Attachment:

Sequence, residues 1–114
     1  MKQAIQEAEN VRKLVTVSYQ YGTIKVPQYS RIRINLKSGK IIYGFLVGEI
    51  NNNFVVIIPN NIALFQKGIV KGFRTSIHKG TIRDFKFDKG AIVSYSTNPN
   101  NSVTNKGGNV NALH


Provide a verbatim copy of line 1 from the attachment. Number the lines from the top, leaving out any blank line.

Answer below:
Sequence, residues 1–114